2. Injury update. Quite a few of the Badgers starters are, as they say in sports, nicked up. If Wisconsin puts Illinois in a hole they can’t climb out of – which for the Illini could be as little as a 14-point deficit – look for head coach Bret Bielema to call for some subs. After suffering a shoulder injury against the Gophers, receiver Jared Abbrederis’s official status is questionable, but Bielema was a little more optimistic in his Thursday press conference. “I think he’ll be back there on punt return and offense. I don’t know if we’ll use him as a kick returner,” Bielema said. Other starters likely to play through injury include linebacker Mike Taylor, receiver Nick Toon, and safety Aaron Henry. Of course the biggest injury concern is with center Peter Konz, who is out for at least the next two games with a left ankle injury. Redshirt sophomore Ryan Groy will start in place of Konz. The Badgers hope to have Konz back by the Big Ten Championship game on December 3, if, of course, the Badgers qualify for that inaugural game.

3. Heisman watch back on? After Stanford’s loss last week in which presumed Heisman frontrunner Andrew Luck threw two interceptions and lost a fumble, could Badgers QB Russell Wilson be back in the Heisman conversation? Wilson’s pass efficiency rating leads the country (a sick 201.6), he’s also second to none in yards per completion, and fifth in the nation in completion percentage. A big game against a pretty-good Illinois pass defense that’s allowing just 173 yards per game through the air wouldn’t hurt his chances.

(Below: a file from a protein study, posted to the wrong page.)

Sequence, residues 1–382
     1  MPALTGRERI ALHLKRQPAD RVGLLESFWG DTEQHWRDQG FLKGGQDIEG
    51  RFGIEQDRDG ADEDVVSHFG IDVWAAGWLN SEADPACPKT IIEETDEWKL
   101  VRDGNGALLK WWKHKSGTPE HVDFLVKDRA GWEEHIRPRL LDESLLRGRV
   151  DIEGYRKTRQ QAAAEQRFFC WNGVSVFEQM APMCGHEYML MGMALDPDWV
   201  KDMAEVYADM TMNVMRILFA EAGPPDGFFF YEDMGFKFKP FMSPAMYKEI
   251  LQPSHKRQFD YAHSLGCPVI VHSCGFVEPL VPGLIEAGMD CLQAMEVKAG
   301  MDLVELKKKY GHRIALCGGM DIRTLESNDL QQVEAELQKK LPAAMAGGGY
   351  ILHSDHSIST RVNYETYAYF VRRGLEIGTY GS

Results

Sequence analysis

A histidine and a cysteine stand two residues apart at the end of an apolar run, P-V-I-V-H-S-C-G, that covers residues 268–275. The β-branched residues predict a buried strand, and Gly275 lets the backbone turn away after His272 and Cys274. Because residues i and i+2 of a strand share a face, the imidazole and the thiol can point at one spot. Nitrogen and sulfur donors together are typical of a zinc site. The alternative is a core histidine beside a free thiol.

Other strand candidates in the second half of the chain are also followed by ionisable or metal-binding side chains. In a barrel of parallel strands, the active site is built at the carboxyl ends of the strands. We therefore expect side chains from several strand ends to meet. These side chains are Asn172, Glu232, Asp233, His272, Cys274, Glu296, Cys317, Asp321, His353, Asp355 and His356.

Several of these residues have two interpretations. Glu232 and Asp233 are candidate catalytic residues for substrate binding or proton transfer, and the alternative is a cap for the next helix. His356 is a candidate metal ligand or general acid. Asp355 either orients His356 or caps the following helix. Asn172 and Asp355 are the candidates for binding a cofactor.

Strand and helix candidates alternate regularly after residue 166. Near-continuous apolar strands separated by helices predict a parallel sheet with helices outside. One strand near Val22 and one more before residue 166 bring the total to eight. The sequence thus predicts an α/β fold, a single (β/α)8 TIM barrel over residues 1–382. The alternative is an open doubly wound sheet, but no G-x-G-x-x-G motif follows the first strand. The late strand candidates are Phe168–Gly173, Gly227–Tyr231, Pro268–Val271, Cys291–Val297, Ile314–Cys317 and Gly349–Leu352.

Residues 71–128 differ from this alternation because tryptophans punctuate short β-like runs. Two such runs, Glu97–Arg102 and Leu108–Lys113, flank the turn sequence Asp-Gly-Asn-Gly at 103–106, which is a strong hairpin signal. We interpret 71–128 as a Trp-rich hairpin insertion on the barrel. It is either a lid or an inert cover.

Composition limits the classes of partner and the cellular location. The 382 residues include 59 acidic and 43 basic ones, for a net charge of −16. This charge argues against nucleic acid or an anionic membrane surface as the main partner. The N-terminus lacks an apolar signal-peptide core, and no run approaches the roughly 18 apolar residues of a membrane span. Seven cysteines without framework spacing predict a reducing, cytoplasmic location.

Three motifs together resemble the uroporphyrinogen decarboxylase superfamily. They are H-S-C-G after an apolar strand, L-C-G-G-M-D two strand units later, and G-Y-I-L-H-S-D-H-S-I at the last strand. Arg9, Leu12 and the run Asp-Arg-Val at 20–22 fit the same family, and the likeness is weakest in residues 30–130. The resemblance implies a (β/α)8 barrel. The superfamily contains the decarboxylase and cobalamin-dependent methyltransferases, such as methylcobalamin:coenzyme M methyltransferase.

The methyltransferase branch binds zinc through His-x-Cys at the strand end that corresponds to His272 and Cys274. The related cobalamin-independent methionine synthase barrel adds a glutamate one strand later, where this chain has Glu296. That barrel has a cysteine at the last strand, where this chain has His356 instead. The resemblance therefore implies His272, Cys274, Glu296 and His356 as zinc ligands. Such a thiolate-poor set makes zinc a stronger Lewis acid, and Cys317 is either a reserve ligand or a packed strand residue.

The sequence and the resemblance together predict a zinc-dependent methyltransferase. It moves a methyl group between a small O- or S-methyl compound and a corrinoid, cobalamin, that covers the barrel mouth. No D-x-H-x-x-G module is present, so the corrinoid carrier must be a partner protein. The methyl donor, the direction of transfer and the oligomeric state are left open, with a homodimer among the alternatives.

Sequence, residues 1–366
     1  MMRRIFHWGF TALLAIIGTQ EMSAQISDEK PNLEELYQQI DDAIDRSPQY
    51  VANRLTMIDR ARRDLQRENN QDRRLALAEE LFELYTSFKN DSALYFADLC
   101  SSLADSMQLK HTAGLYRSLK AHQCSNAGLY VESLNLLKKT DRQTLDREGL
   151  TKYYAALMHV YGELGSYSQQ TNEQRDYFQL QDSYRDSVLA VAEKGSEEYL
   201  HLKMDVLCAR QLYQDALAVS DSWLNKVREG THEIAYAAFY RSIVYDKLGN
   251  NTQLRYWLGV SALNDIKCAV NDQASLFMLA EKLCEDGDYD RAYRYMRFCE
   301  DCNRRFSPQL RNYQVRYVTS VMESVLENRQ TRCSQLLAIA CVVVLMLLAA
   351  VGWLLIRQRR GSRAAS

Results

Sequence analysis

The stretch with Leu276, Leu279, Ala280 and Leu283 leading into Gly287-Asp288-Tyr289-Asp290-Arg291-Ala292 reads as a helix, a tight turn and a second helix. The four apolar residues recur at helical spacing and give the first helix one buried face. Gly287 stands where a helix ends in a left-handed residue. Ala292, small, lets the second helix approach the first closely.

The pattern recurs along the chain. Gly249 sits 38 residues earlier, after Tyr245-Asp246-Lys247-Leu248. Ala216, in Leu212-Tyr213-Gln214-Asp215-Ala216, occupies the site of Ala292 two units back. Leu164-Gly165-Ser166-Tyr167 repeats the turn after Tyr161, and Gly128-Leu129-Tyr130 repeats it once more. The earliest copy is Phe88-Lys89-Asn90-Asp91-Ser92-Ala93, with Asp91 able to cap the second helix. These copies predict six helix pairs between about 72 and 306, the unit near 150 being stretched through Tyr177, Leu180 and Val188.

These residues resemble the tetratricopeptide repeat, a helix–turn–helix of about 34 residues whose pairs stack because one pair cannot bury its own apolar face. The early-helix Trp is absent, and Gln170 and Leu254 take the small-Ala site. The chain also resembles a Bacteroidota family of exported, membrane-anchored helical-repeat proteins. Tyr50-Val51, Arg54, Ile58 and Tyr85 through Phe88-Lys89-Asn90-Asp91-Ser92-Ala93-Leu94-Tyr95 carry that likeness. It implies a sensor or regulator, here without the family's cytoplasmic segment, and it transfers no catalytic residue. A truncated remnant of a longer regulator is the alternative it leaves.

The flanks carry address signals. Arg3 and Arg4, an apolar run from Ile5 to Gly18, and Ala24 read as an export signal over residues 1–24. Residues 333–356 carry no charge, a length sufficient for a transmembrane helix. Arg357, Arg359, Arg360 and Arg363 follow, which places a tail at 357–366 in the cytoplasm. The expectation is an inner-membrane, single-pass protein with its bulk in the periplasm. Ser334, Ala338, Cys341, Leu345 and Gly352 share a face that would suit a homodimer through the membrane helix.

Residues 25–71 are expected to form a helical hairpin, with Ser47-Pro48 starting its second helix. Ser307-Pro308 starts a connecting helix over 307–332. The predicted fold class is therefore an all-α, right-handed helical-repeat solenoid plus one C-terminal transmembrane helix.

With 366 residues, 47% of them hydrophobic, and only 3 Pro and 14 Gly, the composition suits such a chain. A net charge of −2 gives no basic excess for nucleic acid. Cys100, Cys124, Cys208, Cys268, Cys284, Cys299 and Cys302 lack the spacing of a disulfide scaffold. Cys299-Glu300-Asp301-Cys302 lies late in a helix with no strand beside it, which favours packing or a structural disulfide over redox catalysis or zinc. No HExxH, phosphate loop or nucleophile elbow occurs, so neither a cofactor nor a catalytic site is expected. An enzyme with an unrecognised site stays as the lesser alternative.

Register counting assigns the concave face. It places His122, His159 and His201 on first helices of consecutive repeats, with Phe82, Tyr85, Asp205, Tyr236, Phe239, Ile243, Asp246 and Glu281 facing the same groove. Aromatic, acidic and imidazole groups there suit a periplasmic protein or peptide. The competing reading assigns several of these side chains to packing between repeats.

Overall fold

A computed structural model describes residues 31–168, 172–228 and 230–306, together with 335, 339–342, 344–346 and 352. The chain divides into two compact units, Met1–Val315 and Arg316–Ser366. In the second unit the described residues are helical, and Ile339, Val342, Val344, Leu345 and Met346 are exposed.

Final Prediction: Wisconsin 27, Illinois 10.

Badgers/Gophers Preview: The Axe Factor
November 11, 2011

The Paul Bunyan Axe has spent more time in Wisconsin over the last eight years than Bernie Brewer.

It’s been a bad week.

The compact disc is apparently on its way out. Regis Philbin (whose core audience is still lamenting the demise of 78 RPM records) is almost done with his talk show. Bil Keane, creator of The Family Circus newspaper comic strip, died. Adam Sandler has a new movie out.

But overshadowing everything else happening over the past few days has been the unbelievably sad and disturbing reports that have been emanating from the place ironically known as Happy Valley.

Though the shine is clearly off this weekend’s marquee Big Ten matchup of Nebraska (7-2) at Penn State (8-1), Wisconsin sports fans can at least look forward to a glorious weekend of football.

That is, if you include Monday in your definition of “weekend,” as the 8-0 Packers take on the 2-6 Vikings on Monday Night Football. Now, there’s no doubt that the Vikings have been marginally better since dumping the awful Donovan McNabb, and there’s no doubt that the Packers pass defense has played less than stellar football recently.

But the Vikings are still at best – at best – a work in progress, and the Packers – well, maybe just Aaron Rodgers, Greg Jennings, and Jordy Nelson, but that’s been good enough – have been awesome. It also stands to reason that the Packers’ defense, tired of hearing how their offense needs to score 40 points a game to cover their deficiencies, will step up and produce a shutdown game. Unlike the contest just three weeks ago, this one could get ugly.